The prevalence of multimorbidity in France has been estimated at 30%, based on associations of pathologies that have an impact on health status (perceived health, activity limitations or mortality) and taking as a criterion the presence of two chronic diseases in the same individual during the year. This prevalence is 39% if we take as a criterion the presence of two chronic diseases throughout life. However, the prevalence of multimorbidity is higher (+23% to +31%) and occurs earlier (5 to 15 years) in women than in men; it is higher in older subjects, but not negligible in those aged 35 to 44 years (11% and 20% in men and women of this age group, respectively); and it is higher in subjects with the lowest levels of education and income (+84% to +104%), as well as among manual workers (+96%).
A particularly clear inverse dose-response relationship was observed with education level, suggesting causality of the relationship. However, the influence of geographic and territorial indicators was very small and negligible once socioeconomic factors were taken into account. Additional analyses identified multimorbid associations particularly marked by social inequalities, which included low back pain, osteoarthritis, COPD, and anxiety.
Santé Publique France has made multimorbidity a priority theme in the surveillance and prevention of chronic diseases.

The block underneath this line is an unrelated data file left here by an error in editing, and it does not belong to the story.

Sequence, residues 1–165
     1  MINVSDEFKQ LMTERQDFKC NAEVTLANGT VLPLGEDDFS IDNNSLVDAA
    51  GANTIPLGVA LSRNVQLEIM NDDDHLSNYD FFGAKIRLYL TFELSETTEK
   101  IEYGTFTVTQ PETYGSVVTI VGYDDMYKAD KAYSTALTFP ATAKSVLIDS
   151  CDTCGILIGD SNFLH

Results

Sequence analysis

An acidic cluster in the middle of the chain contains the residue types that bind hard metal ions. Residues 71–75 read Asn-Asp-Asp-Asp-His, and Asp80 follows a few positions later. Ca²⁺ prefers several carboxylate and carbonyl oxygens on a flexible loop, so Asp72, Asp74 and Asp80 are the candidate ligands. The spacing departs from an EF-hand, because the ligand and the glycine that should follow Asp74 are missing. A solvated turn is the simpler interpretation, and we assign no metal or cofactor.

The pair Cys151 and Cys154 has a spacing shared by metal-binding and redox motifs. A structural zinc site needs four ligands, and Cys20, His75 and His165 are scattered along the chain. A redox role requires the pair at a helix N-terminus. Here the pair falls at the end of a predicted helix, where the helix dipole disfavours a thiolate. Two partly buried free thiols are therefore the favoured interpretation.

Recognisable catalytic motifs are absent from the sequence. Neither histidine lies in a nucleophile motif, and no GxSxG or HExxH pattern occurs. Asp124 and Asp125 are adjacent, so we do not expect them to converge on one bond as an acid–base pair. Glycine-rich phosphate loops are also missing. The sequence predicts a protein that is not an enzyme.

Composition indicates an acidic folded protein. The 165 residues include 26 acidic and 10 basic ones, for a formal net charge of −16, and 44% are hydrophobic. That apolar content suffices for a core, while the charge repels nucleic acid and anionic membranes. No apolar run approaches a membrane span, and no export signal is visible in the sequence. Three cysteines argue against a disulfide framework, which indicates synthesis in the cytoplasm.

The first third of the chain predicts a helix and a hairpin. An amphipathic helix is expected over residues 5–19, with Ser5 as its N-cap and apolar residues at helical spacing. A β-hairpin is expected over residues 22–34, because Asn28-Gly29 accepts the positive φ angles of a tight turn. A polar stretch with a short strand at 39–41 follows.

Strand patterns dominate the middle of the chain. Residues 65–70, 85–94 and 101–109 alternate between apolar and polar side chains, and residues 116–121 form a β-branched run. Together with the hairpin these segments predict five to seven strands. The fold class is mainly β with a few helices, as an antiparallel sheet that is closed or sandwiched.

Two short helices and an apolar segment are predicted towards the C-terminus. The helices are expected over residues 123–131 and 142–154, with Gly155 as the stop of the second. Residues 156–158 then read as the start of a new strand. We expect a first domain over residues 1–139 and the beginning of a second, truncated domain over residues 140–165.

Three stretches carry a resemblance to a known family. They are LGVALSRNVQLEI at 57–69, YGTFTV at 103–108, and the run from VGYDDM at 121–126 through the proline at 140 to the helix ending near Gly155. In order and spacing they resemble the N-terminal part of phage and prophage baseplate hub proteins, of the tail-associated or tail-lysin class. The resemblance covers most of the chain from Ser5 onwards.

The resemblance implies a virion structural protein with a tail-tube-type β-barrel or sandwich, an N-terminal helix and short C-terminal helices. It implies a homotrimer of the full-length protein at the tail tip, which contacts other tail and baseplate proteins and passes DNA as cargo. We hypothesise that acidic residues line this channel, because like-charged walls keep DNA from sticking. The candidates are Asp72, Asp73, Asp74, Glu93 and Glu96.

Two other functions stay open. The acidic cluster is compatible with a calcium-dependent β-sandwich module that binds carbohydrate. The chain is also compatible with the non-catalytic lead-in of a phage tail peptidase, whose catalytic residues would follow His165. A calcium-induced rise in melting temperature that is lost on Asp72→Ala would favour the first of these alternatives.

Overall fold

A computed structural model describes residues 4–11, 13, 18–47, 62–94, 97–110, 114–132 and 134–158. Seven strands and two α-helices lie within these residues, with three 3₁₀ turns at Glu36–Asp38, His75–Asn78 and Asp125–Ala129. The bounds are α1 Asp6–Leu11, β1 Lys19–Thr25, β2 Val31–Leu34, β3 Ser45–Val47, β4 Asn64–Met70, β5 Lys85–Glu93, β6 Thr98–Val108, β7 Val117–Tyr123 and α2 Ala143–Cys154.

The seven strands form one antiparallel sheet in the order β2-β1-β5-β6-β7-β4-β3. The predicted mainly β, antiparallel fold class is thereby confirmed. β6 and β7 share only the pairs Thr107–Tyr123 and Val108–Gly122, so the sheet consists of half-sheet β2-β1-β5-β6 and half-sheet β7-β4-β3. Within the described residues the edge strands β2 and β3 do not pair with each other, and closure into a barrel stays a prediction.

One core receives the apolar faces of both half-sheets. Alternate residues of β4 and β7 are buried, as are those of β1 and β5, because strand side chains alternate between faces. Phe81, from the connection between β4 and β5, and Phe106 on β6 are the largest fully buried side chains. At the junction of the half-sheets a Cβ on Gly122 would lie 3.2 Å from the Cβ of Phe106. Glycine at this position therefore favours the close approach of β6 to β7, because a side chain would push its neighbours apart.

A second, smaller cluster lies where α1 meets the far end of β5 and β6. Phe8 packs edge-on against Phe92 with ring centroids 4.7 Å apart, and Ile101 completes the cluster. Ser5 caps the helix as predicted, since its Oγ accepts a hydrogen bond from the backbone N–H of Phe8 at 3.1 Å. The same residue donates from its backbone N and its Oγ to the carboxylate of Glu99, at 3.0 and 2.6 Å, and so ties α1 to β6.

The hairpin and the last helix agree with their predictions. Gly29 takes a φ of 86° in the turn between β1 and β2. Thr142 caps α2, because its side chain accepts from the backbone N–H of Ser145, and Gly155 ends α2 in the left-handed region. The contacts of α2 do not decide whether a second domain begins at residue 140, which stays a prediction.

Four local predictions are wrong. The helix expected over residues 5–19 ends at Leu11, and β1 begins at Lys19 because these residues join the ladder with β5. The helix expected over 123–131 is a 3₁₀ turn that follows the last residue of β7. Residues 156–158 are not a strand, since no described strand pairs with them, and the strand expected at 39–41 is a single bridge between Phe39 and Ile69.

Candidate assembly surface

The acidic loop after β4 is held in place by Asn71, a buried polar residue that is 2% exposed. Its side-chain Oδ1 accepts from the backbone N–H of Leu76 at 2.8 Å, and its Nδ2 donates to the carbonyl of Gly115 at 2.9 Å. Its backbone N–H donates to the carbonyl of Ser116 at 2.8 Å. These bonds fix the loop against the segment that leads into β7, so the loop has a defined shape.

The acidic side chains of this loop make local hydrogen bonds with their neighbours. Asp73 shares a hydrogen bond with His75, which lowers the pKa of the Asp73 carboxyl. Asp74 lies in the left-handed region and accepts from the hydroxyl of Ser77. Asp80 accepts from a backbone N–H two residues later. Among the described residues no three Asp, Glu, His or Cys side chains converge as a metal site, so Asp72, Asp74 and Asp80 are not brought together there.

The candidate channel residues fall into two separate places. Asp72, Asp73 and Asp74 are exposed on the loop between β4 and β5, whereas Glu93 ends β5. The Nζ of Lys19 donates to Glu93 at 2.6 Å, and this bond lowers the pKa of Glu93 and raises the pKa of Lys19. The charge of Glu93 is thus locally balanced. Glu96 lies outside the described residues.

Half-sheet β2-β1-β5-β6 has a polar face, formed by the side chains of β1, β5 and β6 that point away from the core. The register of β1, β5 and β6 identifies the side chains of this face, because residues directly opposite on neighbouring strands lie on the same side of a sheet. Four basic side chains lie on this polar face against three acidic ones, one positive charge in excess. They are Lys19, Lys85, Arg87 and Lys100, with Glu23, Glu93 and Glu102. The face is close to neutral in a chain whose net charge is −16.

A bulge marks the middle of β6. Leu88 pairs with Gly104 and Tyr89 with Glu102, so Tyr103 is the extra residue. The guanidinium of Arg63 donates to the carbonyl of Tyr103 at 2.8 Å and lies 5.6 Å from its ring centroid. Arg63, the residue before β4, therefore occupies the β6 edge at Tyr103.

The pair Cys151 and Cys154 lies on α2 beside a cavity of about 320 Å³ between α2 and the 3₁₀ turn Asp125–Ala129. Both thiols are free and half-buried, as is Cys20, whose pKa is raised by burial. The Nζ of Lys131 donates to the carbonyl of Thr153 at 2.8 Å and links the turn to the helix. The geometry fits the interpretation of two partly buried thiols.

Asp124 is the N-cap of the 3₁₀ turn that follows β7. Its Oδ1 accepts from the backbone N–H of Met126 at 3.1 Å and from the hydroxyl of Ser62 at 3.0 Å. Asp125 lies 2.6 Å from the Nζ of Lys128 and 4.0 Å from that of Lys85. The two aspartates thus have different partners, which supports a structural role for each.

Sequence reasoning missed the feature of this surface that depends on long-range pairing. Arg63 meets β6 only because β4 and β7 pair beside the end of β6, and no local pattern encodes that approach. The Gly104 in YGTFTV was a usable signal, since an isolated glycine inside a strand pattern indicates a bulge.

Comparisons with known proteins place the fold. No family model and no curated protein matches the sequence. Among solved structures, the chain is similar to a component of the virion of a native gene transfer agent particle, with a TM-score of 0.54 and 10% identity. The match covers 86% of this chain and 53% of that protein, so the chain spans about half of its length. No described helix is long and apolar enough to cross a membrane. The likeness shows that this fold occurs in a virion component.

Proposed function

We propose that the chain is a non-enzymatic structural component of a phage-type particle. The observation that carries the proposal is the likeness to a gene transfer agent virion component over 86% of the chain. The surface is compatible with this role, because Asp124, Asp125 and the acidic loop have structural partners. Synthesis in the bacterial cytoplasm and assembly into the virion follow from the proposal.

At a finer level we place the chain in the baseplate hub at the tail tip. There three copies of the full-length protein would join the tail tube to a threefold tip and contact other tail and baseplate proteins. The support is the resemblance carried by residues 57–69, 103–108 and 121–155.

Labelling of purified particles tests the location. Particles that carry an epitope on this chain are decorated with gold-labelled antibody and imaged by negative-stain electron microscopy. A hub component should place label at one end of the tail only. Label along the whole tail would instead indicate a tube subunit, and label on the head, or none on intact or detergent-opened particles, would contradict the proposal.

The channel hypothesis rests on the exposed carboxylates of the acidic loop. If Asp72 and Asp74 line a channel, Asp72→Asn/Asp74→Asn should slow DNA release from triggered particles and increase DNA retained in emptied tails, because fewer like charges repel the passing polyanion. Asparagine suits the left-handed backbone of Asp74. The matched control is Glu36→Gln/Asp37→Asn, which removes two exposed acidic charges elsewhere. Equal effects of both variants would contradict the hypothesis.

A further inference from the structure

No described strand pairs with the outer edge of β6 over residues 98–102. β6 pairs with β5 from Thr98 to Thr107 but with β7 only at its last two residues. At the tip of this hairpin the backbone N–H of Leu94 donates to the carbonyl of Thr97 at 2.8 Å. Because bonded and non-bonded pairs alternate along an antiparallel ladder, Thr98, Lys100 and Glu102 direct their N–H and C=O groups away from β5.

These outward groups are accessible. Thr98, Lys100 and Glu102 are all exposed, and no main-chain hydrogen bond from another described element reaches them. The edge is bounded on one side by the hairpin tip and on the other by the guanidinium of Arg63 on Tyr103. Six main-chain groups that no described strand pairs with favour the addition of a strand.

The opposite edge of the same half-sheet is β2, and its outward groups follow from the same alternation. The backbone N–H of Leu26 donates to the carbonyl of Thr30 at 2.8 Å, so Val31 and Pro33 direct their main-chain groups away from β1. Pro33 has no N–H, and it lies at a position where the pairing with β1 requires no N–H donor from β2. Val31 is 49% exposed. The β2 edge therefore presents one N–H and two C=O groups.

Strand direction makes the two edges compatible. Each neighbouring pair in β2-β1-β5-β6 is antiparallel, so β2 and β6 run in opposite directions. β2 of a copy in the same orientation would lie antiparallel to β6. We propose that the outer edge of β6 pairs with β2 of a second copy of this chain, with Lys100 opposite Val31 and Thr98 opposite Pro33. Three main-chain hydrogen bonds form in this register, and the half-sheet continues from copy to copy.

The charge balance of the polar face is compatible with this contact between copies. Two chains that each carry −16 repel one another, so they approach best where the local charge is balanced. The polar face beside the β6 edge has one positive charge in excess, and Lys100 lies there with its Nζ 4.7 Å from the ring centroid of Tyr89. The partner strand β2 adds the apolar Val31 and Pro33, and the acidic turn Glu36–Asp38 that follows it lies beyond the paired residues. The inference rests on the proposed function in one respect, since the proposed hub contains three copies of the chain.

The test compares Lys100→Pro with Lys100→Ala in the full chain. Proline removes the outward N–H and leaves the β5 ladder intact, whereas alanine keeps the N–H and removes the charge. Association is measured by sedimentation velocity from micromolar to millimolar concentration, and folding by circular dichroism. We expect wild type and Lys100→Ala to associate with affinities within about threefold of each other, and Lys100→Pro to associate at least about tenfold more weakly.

The next step will be to assess the evolving trends of multimorbidity in connection with health inequity based on the 2022 data from the Drees Autonomy survey and the SNDS survey (national health data system), which will allow us to explore certain morbid associations further.
Similarly, the relevance of multimorbidity as a predictor of negative health events will be tested by the risk assessment of COVID-19/severe COVID-19 associated with multimorbidity and its components: to this end, a systematic review with European partnerships is currently in progress within the agency.
The first results already allow us to underline that multimorbidty monitoring and prevention should begin as early as mid-life and probably even sooner in disadvantaged groups. Particular attention should be paid to the main elementary groupings of two, three or four pathologies, which concern 75% of multimorbid subjects in France, especially the hypertension-lumbar pain associations (ranked 1st in France) and those concerning obesity-hypertension (ranked 2nd), which generally share the same determinants. The series of associations between common chronic pain pathologies (migraine, low back pain, arthrosis of peripheral joints) are also widely related to the same determinants (obesity and mental illness) and carry the same risks regarding (over)consumption of analgesics. The same is true for the main associations affected by socioeconomic health inequity (involving low back pain, COPD, and anxiety), for which educational determinants appear causal.
These results support the prevention and health promotion strategy currently under development at Santé publique France, which recommends action before mid-life (40-55 years old) in order to promote behaviours and environments that are health-positive and that reduce the burden of chronic diseases and multimorbidity, thus supporting healthy aging.
 Coste J, Valderas JM, Carcaillon-Bentata L. The epidemiology of multimorbidity in France: variations by gender, age and socioeconomic factors, and implications for surveillance and prevention. PLoS One. 2022 Apr 6;17(4):e0265842
(1) Coste J, Valderas JM, Carcaillon-Bentata L (2021). Estimating and characterizing the burden of multimorbidity in the community: A comprehensive multistep analysis of two large nationwide representative surveys in France. PLOS Medicine 18(4): e1003584.